313 East Sixth Avenue
Everything Residents Needed
By Jack Coll
Editor’s Note: (This is one in a series of short articles on random houses throughout the borough of Conshohocken, enjoy)
Houses up-and-down the avenues and streets of Conshohocken are, well, today, just houses, but back in the early part of last century, say a hundred years ago many of these houses provided needed services to the community. Many of them were corner stores or mid-block stores, the living rooms of some of these houses doubled as pool rooms, barber shops, cigar stores, candy stores and doctors’ offices. I thought it might be fun, and interesting to point out of few of these houses, that today are occupied by residents who I’m sure had no idea that their house was at one time something more than just a house.
Such is the case at 313 East Sixth Avenue, throughout the mid 1920’s and 1930’s the house was turned into a busy Cigar and Candy Store. In the summer of 1925 a large advertisement appeared in the Conshohocken Recorder Newspaper declaring that Raymond Smith, owner/operator of the store was opening for business on July 4, 1925. Mr. Smith would be selling a large selection of candy, ice cream, and soft drinks. Smith also sold tobacco, cigars and cigarettes along with notions, provisions, paper goods and canned goods among other items.
Mr. Smith opened his store selling cigarettes at the perfect time as the tobacco companies had just started a heavy advertising campaign aimed at females. As of 2019 female smoking was at a record low, 14 percent of adult women were smoking. But more than a hundred years ago in 1917 the American Tobacco Company launched its first ad campaign at women with the slogan “Avoid That Future Shadow” implying that cigarettes aid in weight loss. A little more than a decade later the American Tobacco Company hired a group of women to smoke cigarettes while marching down Fifth Avenue for New York City’s Easter Parade.
In 1925, when Mr. Smith opened his store Lucky Strike cigarettes began featuring female celebrities in its cigarette advertisements, one of whom was Amelia Earhart. Other cigarettes being sold in 1925 included Camel, Spud, Players Navy Cut, Chesterfield, Murad, and Pardon Cigarettes.
The candy business was exploding in the mid 1920’s as new products were being introduced weekly. Early best sellers in the candy business included Hershey’s Milk Chocolate Bars, Cracker Jacks, with free prizes, Tootsie Rolls, Candy Corn and Necco Wafers.
A number of candy bars Mr. Smith sold at his store included the “Abba-Zaba Candy Bar” introduced in 1917. In 1919 the “Oh Henry Candy Bar” was introduced, it featured roasted nuts, caramel and fudge wrapped in chocolate. The “Baby Ruth Candy Bar” was introduced in 1921 and despite legend, the Baby Ruth Candy Bar wasn’t named after Babe Ruth but named after President Grover Cleveland’s daughter “Ruth.” By 1927 “Pez” candy and all kinds of different dispensers invented by Edward Haas the Third of Austria was selling like hot-cakes in Conshohocken.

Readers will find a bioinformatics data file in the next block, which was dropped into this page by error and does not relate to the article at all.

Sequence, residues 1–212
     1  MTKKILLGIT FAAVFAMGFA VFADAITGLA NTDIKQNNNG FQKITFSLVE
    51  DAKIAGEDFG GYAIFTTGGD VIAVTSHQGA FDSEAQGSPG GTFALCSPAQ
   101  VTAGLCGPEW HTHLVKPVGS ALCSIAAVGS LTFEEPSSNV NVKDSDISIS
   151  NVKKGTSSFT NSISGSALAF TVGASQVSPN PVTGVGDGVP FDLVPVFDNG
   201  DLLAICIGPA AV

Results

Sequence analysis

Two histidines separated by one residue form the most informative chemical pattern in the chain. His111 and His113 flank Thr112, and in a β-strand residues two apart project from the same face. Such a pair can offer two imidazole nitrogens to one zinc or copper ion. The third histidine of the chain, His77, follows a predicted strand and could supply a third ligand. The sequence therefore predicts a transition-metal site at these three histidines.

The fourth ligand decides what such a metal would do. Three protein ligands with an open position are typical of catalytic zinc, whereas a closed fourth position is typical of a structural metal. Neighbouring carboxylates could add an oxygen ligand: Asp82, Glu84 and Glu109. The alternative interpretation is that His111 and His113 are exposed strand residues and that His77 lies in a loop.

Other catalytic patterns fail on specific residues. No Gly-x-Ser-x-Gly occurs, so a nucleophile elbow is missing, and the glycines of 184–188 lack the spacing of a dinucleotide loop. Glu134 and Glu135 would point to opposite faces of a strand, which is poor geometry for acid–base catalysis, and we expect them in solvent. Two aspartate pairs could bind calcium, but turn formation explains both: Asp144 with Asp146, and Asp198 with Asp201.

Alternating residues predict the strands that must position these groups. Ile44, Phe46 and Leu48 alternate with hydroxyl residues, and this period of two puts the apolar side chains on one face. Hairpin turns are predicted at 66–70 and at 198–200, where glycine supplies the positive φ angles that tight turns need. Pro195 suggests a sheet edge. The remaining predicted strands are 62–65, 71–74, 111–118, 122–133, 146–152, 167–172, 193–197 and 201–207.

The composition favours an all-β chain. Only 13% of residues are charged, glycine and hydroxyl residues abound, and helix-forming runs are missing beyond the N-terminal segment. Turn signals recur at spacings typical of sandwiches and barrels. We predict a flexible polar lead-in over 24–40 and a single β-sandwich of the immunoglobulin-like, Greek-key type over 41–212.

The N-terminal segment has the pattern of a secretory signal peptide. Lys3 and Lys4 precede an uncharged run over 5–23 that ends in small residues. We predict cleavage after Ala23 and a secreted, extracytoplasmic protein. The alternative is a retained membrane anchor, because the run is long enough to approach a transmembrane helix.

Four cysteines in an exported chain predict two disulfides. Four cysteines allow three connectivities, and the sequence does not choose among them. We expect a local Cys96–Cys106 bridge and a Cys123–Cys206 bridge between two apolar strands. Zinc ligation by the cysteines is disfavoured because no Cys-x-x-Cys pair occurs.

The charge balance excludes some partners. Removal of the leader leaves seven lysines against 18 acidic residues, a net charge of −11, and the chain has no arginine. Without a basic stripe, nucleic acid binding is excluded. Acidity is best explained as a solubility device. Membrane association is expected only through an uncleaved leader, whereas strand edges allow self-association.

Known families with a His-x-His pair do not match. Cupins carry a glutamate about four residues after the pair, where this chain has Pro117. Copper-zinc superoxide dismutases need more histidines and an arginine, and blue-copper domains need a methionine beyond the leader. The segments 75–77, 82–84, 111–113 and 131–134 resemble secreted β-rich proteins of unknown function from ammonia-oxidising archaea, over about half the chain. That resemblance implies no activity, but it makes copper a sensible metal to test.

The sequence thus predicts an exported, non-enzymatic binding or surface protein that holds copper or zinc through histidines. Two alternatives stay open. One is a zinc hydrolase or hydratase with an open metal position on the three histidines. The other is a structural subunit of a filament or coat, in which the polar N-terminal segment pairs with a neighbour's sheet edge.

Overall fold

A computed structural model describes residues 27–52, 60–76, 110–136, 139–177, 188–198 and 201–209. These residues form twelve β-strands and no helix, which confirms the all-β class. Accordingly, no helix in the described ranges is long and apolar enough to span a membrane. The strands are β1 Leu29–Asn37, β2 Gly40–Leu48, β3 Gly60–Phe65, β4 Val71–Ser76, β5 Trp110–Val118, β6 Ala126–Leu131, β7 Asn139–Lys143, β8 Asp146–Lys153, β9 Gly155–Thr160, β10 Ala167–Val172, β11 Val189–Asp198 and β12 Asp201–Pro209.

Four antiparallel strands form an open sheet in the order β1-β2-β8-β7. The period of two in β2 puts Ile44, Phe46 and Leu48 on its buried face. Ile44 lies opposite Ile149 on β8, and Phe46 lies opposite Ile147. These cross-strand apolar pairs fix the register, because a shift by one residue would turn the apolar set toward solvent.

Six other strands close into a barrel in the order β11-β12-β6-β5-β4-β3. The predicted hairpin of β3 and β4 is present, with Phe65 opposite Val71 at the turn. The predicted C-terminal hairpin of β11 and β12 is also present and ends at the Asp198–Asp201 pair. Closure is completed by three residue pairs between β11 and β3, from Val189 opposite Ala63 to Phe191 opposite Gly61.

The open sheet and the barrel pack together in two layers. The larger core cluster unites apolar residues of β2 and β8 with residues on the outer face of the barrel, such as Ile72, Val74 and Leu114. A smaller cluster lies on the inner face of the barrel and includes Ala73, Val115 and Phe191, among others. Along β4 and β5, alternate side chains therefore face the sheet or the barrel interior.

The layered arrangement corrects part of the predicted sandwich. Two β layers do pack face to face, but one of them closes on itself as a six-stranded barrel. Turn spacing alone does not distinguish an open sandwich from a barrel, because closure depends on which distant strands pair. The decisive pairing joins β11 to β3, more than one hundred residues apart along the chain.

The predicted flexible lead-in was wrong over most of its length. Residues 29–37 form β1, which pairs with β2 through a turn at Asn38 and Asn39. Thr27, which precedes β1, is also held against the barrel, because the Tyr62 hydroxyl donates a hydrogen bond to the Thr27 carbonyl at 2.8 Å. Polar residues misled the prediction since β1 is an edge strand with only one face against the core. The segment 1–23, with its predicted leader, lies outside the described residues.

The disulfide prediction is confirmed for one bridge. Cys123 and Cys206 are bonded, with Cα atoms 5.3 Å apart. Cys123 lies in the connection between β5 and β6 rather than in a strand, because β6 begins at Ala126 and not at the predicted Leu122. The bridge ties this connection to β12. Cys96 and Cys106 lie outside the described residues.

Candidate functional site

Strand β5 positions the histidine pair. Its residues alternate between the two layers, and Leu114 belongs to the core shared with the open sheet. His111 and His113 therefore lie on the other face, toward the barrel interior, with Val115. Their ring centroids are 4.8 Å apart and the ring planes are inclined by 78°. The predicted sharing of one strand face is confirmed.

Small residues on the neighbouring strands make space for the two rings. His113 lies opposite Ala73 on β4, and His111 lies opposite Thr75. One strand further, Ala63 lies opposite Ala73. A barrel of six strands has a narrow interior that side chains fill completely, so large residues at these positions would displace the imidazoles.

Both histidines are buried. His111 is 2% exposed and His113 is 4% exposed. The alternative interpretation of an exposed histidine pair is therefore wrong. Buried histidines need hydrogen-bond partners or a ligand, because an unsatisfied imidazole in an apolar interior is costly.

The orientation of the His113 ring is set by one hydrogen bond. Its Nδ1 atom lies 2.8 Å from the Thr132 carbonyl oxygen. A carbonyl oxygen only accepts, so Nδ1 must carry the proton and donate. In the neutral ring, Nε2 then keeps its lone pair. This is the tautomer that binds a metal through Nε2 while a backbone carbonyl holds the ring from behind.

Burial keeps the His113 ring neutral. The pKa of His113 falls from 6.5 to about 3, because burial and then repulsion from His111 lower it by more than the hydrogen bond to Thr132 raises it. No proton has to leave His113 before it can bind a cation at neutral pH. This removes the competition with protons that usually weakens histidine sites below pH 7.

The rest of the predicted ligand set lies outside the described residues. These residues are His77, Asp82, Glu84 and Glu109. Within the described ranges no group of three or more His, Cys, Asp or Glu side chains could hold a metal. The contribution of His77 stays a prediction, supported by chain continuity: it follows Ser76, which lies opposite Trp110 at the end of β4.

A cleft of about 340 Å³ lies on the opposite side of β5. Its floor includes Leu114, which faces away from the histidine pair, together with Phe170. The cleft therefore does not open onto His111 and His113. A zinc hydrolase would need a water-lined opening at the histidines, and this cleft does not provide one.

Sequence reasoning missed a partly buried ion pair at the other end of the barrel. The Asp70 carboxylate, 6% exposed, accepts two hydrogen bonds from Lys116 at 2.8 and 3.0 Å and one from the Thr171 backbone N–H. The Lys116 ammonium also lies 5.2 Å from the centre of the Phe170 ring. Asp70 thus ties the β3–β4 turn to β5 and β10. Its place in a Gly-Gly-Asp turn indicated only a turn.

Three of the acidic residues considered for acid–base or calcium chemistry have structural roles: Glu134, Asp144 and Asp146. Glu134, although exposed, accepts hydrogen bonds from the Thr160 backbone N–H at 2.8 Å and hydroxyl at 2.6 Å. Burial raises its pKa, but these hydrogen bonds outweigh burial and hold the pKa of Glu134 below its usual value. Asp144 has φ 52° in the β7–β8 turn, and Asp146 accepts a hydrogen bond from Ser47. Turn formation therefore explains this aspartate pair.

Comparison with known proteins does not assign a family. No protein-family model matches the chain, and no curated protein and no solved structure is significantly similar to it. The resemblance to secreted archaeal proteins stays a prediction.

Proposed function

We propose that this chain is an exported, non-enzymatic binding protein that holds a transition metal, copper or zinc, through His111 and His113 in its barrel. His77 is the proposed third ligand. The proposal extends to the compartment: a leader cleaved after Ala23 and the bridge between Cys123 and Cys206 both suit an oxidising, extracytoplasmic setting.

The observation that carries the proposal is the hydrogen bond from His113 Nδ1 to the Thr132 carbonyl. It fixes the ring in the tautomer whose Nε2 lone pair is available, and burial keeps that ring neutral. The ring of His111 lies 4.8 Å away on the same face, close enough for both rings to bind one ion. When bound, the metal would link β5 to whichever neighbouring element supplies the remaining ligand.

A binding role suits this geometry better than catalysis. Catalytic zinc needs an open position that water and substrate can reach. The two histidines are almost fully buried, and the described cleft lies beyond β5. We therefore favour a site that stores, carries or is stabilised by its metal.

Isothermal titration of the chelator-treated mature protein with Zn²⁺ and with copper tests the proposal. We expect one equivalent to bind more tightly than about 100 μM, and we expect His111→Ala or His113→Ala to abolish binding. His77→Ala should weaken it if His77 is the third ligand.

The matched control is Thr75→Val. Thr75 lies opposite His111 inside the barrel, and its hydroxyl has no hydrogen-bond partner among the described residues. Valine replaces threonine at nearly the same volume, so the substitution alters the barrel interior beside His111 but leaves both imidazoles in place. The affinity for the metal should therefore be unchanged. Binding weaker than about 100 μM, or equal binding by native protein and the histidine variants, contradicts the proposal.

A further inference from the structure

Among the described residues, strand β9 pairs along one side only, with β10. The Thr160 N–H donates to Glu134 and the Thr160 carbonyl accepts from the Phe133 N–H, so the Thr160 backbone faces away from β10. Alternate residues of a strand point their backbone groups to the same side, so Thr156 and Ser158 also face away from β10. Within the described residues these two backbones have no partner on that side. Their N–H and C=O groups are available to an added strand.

In 1928 Mr. Smith expanded his candy section with the introduction of “Double Bubble Gum” and “Reese’s Peanut Butter Cups,” along with “Charleston Chew” in all different flavors. Believe it or not the Charleston Chew Candy was named after a popular dance craze of the day called, “The Charleston.” Let’s not forget about the staples of the day including “Snickers,” “Candy Buttons,” “5th Avenue,” “Red Hots,” “Chick-O-Sticks,” “Boston Baked Beans,” “Sugar Babies” and “Pay Day.” Mr. Smith must have been making a fortune!
The house at 313 East Sixth Avenue was a busy hub of activity throughout the 1920’s and 1930’s. Like all the corner and mid-block stores Mr. Smith carried many families through the great depression by running tabs, extending credit to many of the local families waiting until the end of the week or end of the month to get paid.
Today Mr. Smith’s store has returned to a family home, there was a time Conshohocken had more than two dozen corner and mid-block stores, other than the deli’s, the corner stores are all gone. Corner stores have been reduced to a conversations shared around the Thanksgiving Day table, where we talk about a time when grand mom and grand pop once owned and operated a corner store, and how they were loved by residents of the borough, and grand mom and grand pop loved the residents of the borough.
In a community as old as Conshohocken you might be surprised with the history and past residents who lived a life in many of these old houses. I wonder what secrets the house you live in might have, or the story of past residents who once occupied the very same space you live in now?
In our next edition of random houses throughout the borough we’ll look back at a 160 year old house on West Seventh Avenue.